Tuesday, April 24, 2012

Inside Facebook’s Research Playbook

Social Media Juggernaut’s Research Function Is Fresh and Fluid
 By Marc Dresner, IIR

 It’s the definitive social medium. With approx. 850 million total users (about 480 million daily), for many of us Facebook is a fundamental part of everyday life. And it’s up to Sheila Normile, a research and insights principal, to understand how and why we use it, and how to improve that experience. As you might expect from a company like Facebook, Normile’s research organization is a bit less conventional than what you’ll typical find at a large corporation. “Facebook is a really entrepreneurial and risk tolerant sort of place and it certainly extends to the research organization,” Normile told The Research Insighter. “It’s funny because you often don’t think of research and risk in the same mindset or in the same breath, but we really embrace that idea of taking risks on our team.” In fact, not only isn’t there a research playbook at Facebook, but the organization is so fluid that projects can happen on the fly, based on a conversation in a hallway or an issue Normile or one of her colleagues just stumbles upon. In this interview with The Research Insighter™, we’ll go inside Facebook’s research organization and have a look at what makes it tick.

Listen to the interview! 


Download a transcript! 


Editor’s note: If you would like to hear more about consumer insights at Facebook, Sheila Normile will be speaking at The Market Research Technology Event April 30-May 2 in Las Vegas. For information or to register, the webpage.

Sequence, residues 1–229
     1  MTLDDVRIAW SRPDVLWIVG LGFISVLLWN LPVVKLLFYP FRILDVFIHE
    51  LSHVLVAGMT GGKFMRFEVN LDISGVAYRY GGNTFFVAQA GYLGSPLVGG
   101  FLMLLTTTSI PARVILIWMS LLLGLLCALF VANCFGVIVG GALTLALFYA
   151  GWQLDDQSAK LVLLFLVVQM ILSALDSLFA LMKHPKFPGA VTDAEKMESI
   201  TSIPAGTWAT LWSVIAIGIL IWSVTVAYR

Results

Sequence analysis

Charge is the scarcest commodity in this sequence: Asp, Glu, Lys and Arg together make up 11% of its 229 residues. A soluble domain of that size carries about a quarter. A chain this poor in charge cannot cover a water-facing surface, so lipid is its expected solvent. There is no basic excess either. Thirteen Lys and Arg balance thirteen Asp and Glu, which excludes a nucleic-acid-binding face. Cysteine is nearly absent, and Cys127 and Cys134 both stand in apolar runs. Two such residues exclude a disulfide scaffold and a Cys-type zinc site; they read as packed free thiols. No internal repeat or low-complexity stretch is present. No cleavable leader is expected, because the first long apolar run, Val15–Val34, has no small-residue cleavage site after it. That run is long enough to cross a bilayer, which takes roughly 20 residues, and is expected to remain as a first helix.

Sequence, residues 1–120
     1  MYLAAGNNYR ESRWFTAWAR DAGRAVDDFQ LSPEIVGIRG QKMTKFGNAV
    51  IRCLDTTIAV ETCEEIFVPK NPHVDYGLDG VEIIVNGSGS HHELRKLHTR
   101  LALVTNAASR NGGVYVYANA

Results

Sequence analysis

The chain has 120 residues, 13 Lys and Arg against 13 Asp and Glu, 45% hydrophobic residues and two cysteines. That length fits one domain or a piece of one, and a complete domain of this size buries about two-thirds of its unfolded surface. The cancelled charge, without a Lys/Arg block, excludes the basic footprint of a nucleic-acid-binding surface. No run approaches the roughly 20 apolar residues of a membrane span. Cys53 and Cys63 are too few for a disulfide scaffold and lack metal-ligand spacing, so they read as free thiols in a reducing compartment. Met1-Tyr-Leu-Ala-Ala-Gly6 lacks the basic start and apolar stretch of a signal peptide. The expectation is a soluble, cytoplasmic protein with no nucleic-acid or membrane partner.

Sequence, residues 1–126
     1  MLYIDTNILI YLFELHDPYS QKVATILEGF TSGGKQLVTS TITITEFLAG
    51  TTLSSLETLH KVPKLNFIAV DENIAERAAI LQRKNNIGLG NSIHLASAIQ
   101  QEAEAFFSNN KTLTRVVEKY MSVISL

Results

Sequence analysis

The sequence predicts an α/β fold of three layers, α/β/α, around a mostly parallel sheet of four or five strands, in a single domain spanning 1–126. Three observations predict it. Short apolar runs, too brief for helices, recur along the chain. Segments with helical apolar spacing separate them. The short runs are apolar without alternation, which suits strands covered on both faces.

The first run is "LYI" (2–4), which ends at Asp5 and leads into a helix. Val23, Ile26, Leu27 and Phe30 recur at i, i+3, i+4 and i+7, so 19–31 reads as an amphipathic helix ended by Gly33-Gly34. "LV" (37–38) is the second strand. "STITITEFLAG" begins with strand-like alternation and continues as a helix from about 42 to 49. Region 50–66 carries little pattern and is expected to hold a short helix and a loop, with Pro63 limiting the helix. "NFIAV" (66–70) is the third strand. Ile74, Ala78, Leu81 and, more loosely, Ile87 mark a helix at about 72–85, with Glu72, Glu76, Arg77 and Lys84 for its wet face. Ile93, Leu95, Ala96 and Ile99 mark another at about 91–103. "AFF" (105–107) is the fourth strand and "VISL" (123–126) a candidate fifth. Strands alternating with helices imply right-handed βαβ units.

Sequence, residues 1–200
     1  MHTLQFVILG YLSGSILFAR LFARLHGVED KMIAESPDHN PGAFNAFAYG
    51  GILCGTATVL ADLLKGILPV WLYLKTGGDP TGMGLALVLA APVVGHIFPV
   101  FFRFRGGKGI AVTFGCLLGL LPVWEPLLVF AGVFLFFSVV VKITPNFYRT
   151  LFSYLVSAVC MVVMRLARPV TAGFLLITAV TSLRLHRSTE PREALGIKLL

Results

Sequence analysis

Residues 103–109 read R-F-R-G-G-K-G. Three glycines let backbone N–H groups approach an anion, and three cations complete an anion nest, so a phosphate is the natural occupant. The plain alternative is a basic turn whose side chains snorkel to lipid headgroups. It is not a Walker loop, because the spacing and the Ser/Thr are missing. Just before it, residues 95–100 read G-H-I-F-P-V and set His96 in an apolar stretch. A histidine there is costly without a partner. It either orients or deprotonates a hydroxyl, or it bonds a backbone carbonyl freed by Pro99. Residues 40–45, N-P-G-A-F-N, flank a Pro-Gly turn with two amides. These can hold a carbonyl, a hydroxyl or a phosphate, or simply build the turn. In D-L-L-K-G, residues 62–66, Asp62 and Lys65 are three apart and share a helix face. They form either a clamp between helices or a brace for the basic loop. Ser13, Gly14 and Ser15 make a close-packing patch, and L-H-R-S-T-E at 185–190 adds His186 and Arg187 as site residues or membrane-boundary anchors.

As a reader of this blog, when you register to join us, mention code MRTECH12BLOG and save 10% off the standard rate! ABOUT THE AUTHOR/INTERVIEWER Marc Dresner is an IIR USA communication lead specializing in audience engagement. He is the former executive editor of Research Business Report, a confidential newsletter for the market research industry. He may be reached at mdresner@iirusa.com. Follow him @mdrezz.

1 comment:

Jing Pan said...

The podcast resonates my experience as a user researcher at a research university and in the industry for local entrepreneur club. She talks about how a user problem found in Japan was fixed immediately by the engineer onsite. In the academia, we try to explain a troublesome user behavior by testing different theories (different organizations of memories, etc). In the industry, we try to solve a troublesome user behavior by offering different solutions, or implement the only/best/obvious/cheapest solution immediately.